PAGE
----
Bee-Stings and Insect Bites

   It is spring again and time for the bug bites. Lots of water and lots of rain in the forecast. All conditions are good for insects.  Everything from a mosquito to a spider can cause extreme difficulties to the human body. The problem is not the injury or insect bite but is the venom that it leaves behind.  This is a defensive mechanism that happens for example a bee hive detects danger.  When someone is stung by an insect; the area becomes swollen, red extremely painful or burning, however if difficulty in breathing, hard to swallow, disorientation, swelling around the eyes and mouth, you should consult your physician or health care provider immediately.
    Mother Nature gives us numerous insects and beetles that can be a dangerous to us; also some are required by Mother to help us survive.  She also gives us lots of herbs and alternative medicines that can help us to survive the uncomfortable bites and itching. I will try to show you how to make natural repellants and counter-active procedures.  We do not have any evidence that natural repellants are better than commercial ones but we do know that they seem to be safer for the person and the environment. We know that they also smell better and we know we do not want to rub toxic materials on our bodies.  The earth is in balance and she wants us to use everything that is good for us while we walk this path to the “Spirit World”.

Remove the stinger do not squeeze it; it will inject more venom into the area.
Clean the area, Crush Plantain leaves extracting the juice and put it on the affected area.  Another way is to apply tooth paste to the area.
OHH:  Did you know granulated sugar can be used to prevent scarring of the wound?

Insect Bite Lotion
1 tsp. of Lavender essential oil, 1 tbsp. of vegetable oil, Mix the ingredients and apply liberally to the affected are. Do not apply around the eyes. Lavender reduces itching and swelling.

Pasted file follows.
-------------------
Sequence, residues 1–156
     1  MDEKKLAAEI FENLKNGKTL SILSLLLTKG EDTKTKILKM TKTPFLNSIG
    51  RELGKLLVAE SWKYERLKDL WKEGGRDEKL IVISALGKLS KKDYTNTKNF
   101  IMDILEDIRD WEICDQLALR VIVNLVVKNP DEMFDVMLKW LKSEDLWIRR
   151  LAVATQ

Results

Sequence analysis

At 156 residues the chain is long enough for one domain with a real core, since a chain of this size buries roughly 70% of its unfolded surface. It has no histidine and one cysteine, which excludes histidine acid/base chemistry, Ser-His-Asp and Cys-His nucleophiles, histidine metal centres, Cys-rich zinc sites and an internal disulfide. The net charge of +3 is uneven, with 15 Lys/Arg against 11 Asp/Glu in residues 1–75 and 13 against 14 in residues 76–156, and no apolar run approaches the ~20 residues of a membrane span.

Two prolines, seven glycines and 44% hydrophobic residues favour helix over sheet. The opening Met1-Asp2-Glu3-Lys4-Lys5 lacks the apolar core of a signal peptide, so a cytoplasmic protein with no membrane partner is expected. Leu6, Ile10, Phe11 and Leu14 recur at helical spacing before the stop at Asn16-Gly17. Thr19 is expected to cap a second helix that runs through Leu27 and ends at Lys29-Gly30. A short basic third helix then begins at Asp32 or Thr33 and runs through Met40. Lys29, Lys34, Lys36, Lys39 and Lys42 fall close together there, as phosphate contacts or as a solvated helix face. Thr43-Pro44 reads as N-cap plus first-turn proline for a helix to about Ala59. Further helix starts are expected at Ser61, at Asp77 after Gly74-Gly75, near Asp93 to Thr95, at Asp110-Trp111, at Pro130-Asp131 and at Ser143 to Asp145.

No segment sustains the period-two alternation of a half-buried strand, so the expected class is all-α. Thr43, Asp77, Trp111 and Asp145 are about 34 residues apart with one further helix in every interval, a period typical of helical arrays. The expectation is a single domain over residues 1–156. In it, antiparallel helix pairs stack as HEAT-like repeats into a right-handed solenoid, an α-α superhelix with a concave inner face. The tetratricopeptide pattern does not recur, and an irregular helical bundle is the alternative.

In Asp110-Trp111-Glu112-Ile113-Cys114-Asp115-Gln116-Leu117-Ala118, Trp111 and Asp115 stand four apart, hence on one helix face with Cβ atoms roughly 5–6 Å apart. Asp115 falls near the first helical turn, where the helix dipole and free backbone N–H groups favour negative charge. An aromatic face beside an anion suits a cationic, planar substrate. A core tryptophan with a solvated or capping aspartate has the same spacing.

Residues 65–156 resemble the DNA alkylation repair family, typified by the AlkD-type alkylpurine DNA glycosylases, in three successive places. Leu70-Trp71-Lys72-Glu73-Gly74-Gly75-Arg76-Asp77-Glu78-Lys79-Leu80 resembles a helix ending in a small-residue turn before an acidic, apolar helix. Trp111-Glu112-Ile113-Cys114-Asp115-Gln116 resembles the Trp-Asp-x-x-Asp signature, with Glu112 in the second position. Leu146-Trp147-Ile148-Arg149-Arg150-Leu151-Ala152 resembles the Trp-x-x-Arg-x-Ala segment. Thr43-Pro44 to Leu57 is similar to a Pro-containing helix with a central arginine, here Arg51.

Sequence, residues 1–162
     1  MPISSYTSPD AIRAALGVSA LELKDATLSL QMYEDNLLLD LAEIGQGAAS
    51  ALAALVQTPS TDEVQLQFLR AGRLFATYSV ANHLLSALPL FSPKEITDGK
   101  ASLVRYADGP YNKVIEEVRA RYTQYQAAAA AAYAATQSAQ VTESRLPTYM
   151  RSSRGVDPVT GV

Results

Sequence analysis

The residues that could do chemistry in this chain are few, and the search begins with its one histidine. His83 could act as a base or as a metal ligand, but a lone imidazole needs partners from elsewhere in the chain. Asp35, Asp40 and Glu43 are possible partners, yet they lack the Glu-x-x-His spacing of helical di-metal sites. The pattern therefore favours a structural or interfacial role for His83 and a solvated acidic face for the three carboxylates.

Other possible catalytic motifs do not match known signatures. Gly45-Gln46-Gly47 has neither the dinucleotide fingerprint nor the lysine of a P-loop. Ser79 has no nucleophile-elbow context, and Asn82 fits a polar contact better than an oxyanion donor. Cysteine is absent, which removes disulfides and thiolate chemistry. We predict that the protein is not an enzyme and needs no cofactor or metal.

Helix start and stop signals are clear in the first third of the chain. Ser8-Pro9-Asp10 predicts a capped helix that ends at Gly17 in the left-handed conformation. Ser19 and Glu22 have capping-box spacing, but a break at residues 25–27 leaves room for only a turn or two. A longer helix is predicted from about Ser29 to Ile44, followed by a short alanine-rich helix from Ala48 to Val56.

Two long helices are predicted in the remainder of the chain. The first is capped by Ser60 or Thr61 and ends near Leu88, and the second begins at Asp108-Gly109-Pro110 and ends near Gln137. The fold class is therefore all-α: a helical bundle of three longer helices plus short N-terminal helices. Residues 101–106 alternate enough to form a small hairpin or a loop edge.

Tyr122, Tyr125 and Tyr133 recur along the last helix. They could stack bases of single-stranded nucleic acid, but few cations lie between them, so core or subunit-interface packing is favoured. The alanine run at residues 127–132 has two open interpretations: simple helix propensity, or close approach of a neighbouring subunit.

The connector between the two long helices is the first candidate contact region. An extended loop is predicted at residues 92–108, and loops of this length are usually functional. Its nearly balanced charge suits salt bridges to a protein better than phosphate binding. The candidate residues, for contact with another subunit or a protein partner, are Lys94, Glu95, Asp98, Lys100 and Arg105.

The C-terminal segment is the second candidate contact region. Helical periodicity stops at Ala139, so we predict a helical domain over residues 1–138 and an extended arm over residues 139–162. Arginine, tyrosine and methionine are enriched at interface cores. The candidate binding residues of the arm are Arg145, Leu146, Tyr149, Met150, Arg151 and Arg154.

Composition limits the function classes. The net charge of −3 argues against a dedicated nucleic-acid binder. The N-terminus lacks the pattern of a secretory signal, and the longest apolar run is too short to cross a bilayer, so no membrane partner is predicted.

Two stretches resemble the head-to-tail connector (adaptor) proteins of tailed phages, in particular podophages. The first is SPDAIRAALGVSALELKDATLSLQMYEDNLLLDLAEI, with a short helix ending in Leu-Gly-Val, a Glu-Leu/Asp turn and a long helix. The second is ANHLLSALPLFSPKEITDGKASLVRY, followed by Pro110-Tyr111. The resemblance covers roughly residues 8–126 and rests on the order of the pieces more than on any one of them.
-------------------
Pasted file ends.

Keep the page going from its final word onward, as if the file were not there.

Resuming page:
Extra Strength Sting Poultice
1 tbsp. Echinacea root tincture, 1 tbsp. distilled water, 1/8 tsp. lavender essential oil, 1 tbsp. bentonite clay.  Mix the Echinacea, lavender and water.  Add liquid to clay slowly stirring. Once mixed the mixture should stick to the skin.  Apply on the injured area.  Store the poultice in a jar with the lid secured properly and tight.  If it dries just add more water to soften. 
OHH:  Did you know that a sliced onion placed on an animal bite can discourage infection and draw poison out?  Jewelweed is used to reduce itching and soothe the skin, take two or three leaves and stem, break the open and apply the juice to affected area.

Ant and Stinging Nettle Medicine
The allergic reaction from an ant or stinging nettle is caused from formic acid and can be neutralized by using 1 tsp. of yellow dock leaf tincture and 2 tbsp. of baking soda. Mix the ingredients and apply as needed. 

Homemade Insect Repellant
2 oz. vodka (Do not drink), ¼ tsp. citronella essential oil, ¼ tsp. eucalyptus essential oil, ¼ tsp. pennyroyal essential oil (Do not use during pregnancy), 1/8 tsp. cedar essential oil,  Mix all the ingredients and apply on skin, do not apply around the eyes.

OHHHHHH’s DID You Know???

Mice Repellant:  Here is a quick tip for keeping mice and squirrels out.  Mice:  Take some old panty hose. Make sacks and fill them with peppermint leaves.  Tie the bags securely and toss them under the bed and in areas that mice would stay.  Especially under the stove where you store your pots and pans. They lie in wait for tidbits that come from the top of the stove. Smart little critters since they have been around longer than us humans. Huhhhhhhhhhh!!!!!!

Squirrels:  They can become unwanted guests also.  Here is what to do if you find them in basement, attic and chimney.  Reach for your after shave.  It might smell good to us but it is repulsive to squirrels.  They will be packing their suitcases and leaving very soon.

This information is for educational purposes only.  Always consult your health care provider or physician before using herbs or alternative medicines.
Walks With Hawks Harvey Doyle, BSNH